Judgment Day In Politics Derived from the Holy Writ, Jacquest Benigne Bousset endorses absolute monarchy, insisting that it is both scripturally mandated and historically justified. His treatise describes both the rights and responsibilities of monarchs who, according to divine right theory, have been sent to carry out God's will on earth. In many ways the French king Louis XIV serves as a living example of Bousset's divine right king, but he fell short of a perfect embodiment of this monarch because, while he certainly accepted the rights of "God's lieutenant," he did not fully embrace the responsibilities of restraint required of the divine right king. Louis clearly understands Bousset's mandate that the king demand conformity and obedience. In the third paragraph of our excerpt, Bousset states that "the person of the king is sacred, and .
Louis XIII (1601-1643) and Louis XIV (1638-1718) was a father son pair of kings for the French, who both believed to rule by divine right, but they differed in how they used their religious factor in their country and how they managed their kingdoms finances. Louis XIII relied on his Cardinal who helped him rule and manage the kingdom. While Louis XIV trusted only himself to rule his Monarchy. This led to different outcomes in their monarchies. Louis XIII and Louis XIV both claimed to rule by divine right.
Henry VIII’s foreign policy between the years of 1509 – 1529 revolved around his fantasy of becoming a famous “warrior King.” His main aim was to conquer France, as he believed that the French crown was rightfully his, he was not however successful in this aim, despite capturing obscure towns in France such as Tournai. Henry went through three phases of foreign policy during these years: Initial aggression in his first French war between ending in 1514, the following a rather unsuccessful French campaign, entered a stage of diplomacy where he attempted to gain allies and achieve European peace through the treaty of London, 1518. But it can be argued that little success came from this period either with very few significant agreements made in the Treaty of London or the Field of the Cloth of gold except for minor prestige for Henry and England, but at huge costs. As well as this, any hopes of finally conquering France in Henry’s second aggressive phase were crushed due to financial and political obstacles. Henry was aware that the current French king, Louis XII was dying and wished to avoid war at all costs, as he would not be able to guide his country in his old, weak age, Henry realised that this was the ideal situation in which for him to launch an attack, he also had the support of the nobility, who were raring to have a fight.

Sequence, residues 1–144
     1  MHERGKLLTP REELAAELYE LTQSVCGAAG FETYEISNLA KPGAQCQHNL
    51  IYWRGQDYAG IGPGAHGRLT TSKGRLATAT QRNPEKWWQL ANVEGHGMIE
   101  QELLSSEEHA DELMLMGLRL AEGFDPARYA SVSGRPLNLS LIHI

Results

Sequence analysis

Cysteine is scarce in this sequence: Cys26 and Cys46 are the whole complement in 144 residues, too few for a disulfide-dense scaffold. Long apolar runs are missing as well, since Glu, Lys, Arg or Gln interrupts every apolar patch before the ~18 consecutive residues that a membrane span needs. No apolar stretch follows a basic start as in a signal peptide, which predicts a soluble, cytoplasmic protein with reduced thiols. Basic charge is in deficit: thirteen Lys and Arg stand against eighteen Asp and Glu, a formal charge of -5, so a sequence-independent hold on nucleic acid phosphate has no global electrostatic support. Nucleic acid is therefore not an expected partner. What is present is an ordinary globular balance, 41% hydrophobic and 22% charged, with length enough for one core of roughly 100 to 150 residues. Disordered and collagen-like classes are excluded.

The sources do suggest that Scotland was a threat towards Henry VIII’s ambitions in France , however only to some extent. Sources 1 and 3 refer to Scotland’s potential to destroy Henrys campaigns in France through invasion and stop him achieving his aim in taking back the regions of Terrain and Thoraine. Source 2 on the otherhand shows us that Henrys troops were strong enough to prevent a Scottish invasion even in his absence, and that he had the support of his first wife Catherine of Aragon. who is acting as regent in henry’s absence, Catherin would have wanted to please henry to keep his moral high as he was also in a battle in France at the time. source 2 shows us that the Scottish had lost in the battle of Flodden in 1513, at a time when henry was absent form his country in France.
In order to keep the Huguenots peaceful, Henry knew he would have to settle them in a way that tackled their demands. Finally, one thing that Henry was always desperate for was the loyalty of all his people, united as one. The phrase, ‘One king, one faith, one law’ was particularly popular in France at the time, and a saying that Henry wished to use in his own methods of ruling. To conclude, Henry IV issued the Edict of Nantes in 1598 so as to help the ordinary people living in France at the time whose lives had been completely twisted upside down as a result of the religious wars. He also wanted to keep peace with the